Declaration on Democracy
MONTENEGRO COUNCIL - Working for a new global framework for the world economy, peace and security, democracy and the environment, 29-30 June 2009
The necessary strengthening of democracy
Socialists and social democrats have always stood apart from other political groupings by calling for political democracy, a guarantor of civil justice, accompanied by economic democracy which is a guarantor of social justice.
Democracy, in its political dimension, is based on a multi-party system, with free, transparent and regular elections held on pre-determined dates, and the alternance of power. Democracy must be a guarantor of freedom of expression, the right to association, good governance, the fight against corruption and the exercise of all civic rights. Democracy is inseparable from the Rule of Law which ensures the separation of powers and the independence of the judiciary and the magistrates.
We affirm as well that democracy, whose basic principles are universal, cannot be imposed based on a model that comes from abroad, nor can it prosper without social justice or without development. The situation in Iraq and in Afghanistan, demonstrates the impossibility of making citizens adhere by force to a model. In Iran, following the recent Presidential elections of 12 June 2009, the Iranian citizens expressed their wish in a massive way for a democratic, pluralist and transparent political system. This was followed by bloody repression against peaceful demonstrators, the arrest of political leaders, journalists, human rights defenders and restrictions imposed on the media and electronic means of communication. The SI calls on the Iranian authorities to free the citizens arrested during the last weeks and to respond to the demands of the Iranian people for an objective and complete examination of all the electoral procedures.
However, democracy is not only the organisation of regular, free and transparent elections, even if this is a pre-requisite. It also involves the democratic organisation of society, politically and legally, with respect for full freedoms, including the economy and social and environmental protection.
In its Dakar Declaration of 20 June, the SI Africa Committee states that democracy in Africa is in danger as a result of pseudo-democratic tyrannies that are kept in power by the perversion of democratic values such as the frequent manipulation of the norms of accession and devolution of power, and the ‘monarchic’ tendencies in some states where designated heirs are installed in public and political office with the aim of preparing or organising "by electoral means" a pre-determined succession to power. This picture is made worse by the breakdown of electoral systems that suffer from a lack of trust and credibility and by the resurgence of military coups that interrupt the democratic process.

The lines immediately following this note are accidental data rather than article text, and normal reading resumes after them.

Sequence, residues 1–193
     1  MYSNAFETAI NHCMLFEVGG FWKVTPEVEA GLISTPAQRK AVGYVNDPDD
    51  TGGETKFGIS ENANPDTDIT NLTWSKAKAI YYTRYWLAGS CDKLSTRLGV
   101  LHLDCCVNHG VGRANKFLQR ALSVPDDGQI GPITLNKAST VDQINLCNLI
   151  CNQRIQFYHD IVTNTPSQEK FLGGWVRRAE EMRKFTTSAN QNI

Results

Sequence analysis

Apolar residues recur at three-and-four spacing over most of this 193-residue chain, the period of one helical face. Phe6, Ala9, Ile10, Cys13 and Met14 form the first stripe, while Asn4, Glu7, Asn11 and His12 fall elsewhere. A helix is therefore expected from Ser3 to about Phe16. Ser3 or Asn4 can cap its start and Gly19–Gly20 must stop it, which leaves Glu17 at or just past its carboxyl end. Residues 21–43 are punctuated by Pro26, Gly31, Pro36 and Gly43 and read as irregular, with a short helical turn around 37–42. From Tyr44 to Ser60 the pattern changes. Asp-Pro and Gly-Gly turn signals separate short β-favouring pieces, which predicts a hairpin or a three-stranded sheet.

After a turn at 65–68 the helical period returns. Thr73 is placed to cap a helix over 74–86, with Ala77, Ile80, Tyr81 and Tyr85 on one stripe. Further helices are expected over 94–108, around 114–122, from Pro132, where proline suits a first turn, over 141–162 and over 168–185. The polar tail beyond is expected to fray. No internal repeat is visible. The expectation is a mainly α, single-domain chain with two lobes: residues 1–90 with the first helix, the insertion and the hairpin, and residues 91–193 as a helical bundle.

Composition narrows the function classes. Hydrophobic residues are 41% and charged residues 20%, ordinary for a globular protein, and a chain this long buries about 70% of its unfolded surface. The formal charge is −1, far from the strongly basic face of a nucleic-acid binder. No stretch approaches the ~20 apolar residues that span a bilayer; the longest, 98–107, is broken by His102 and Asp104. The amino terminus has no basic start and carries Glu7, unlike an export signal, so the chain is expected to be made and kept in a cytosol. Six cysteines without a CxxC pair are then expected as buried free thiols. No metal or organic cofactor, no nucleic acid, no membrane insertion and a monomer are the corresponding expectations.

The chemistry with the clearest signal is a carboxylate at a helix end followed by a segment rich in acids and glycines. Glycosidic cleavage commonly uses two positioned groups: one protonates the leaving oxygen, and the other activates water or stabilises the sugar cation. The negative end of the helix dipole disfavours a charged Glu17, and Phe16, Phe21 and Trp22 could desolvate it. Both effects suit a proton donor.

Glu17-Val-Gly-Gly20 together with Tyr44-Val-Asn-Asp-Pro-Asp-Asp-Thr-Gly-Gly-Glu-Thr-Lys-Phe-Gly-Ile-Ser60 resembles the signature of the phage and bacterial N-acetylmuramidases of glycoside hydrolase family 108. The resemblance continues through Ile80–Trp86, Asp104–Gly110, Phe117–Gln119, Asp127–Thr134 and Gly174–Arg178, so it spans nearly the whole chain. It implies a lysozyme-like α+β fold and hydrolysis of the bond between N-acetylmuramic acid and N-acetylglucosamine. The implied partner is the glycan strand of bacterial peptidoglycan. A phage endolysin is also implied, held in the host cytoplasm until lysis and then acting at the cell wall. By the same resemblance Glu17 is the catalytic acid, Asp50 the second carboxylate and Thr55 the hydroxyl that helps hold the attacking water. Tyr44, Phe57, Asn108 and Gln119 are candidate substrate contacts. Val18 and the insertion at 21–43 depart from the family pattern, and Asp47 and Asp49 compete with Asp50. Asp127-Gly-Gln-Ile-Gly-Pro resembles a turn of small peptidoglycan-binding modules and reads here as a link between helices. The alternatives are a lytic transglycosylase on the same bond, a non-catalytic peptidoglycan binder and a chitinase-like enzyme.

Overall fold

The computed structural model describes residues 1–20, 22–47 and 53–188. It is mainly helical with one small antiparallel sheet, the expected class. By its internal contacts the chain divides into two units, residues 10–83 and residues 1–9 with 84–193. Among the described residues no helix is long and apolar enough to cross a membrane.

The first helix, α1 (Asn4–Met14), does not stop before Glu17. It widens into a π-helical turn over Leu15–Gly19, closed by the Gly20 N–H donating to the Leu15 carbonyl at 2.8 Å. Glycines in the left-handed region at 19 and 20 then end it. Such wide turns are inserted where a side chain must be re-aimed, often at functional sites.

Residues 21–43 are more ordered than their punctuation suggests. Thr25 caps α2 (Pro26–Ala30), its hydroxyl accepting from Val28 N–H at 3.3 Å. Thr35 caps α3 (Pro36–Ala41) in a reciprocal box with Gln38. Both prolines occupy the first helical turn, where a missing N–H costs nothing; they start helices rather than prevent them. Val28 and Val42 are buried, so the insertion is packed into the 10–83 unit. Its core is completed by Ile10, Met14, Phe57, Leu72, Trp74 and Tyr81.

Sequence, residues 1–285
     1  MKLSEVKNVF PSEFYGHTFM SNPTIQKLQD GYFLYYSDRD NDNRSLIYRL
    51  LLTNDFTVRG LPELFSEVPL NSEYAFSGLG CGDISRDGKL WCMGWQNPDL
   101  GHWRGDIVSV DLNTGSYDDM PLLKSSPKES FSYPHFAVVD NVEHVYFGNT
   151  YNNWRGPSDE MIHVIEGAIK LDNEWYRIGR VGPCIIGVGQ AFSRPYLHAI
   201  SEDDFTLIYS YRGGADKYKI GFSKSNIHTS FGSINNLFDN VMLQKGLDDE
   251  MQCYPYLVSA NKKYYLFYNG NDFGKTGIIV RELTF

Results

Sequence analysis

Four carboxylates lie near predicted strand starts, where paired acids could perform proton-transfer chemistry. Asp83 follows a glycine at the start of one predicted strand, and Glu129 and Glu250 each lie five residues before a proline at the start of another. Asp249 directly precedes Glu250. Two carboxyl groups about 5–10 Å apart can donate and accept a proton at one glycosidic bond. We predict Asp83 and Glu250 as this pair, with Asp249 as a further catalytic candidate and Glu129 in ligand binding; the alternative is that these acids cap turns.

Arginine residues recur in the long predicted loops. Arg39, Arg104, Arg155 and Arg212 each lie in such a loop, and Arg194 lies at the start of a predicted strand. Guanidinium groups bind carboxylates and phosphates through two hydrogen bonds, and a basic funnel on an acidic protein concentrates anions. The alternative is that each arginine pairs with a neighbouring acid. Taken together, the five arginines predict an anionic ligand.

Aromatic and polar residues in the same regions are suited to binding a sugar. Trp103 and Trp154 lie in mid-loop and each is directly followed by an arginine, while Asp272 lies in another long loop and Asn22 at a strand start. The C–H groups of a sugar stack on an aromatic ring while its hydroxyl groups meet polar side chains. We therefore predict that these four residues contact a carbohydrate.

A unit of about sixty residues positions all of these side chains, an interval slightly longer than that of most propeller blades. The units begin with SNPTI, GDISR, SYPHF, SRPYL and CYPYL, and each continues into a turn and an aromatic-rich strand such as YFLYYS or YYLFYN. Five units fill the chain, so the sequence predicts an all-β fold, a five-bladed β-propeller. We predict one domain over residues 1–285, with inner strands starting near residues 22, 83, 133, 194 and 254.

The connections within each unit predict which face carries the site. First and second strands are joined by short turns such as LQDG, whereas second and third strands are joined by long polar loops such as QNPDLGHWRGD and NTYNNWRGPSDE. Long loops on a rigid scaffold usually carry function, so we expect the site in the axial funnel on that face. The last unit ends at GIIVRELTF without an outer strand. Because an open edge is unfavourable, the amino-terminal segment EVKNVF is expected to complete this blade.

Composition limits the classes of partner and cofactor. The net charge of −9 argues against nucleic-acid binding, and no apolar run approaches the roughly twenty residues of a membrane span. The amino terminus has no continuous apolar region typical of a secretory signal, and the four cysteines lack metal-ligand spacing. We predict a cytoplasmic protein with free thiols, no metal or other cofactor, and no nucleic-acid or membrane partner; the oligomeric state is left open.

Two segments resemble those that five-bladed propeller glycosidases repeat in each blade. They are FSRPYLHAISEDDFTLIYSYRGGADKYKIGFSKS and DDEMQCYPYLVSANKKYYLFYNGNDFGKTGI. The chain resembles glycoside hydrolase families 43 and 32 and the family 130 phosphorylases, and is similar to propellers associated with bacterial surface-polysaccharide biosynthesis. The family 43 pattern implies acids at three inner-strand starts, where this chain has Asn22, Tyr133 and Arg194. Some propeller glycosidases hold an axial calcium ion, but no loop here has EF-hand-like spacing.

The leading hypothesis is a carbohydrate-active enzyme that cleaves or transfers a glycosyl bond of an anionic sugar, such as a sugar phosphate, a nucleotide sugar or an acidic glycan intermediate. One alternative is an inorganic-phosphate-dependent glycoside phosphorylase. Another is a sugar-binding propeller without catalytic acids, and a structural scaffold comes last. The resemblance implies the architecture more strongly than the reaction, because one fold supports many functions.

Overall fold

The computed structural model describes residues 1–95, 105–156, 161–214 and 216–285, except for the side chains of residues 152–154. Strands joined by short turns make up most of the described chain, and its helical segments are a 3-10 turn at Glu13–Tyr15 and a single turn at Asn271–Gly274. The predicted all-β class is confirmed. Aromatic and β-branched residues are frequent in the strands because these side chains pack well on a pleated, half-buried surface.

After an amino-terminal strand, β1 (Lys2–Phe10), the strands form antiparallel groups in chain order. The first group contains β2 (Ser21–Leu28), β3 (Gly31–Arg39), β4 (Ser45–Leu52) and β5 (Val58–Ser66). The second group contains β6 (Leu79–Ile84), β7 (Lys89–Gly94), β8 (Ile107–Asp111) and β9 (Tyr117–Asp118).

Noting that the old institutions and regulations in place are no longer able to face the changes in the world, the Africa Committee considered it necessary to work for the promotion of a truly democratic culture by adopting shared values which are accepted and respected by the political actors, the citizens, the judiciary and the media.
This democratic culture, necessary as it is, will not be able to prosper without development. For how are we to motivate the citizens of countries in favour of development where hunger prevails, where a great part of the population feels threatened by famine and do not have access to education because of a lack of school infrastructure nearby or simply because of great poverty? Free and transparent elections cannot exist without choice, and free choice is not possible where people live in poverty without hope for the future and without access to education.
In addition, how can we organise “education for all” in a world where food security, even when it has been recognised as a human right, is not guaranteed and in which more than a billion people suffer from chronic malnutrition and die of hunger, while others live under threat?
It is our duty to include in our deliberations about democracy, the economic and social dimension and equitable trade and sustainable development, without which our exercise would risk limiting itself to pious words without a real effect for the people who still suffer throughout the world - and not only in Africa - from a democratic deficit. This requires a frank and mutually respectful dialogue between states and continents, including all the aspects involved in this matter.
Our commitment to democracy must be translated into a daily behaviour for the defence not only of human rights with all its components, but also for respecting the environment and biodiversity, because in them rests the survival of our planet, for peace, fraternity among peoples and solidarity.
In this way, we will avoid making democracy, to paraphrase Lafontaine when talking of friendship, a word commonly used because all people call themselves democrats, but instead, the most meaningful word in the world.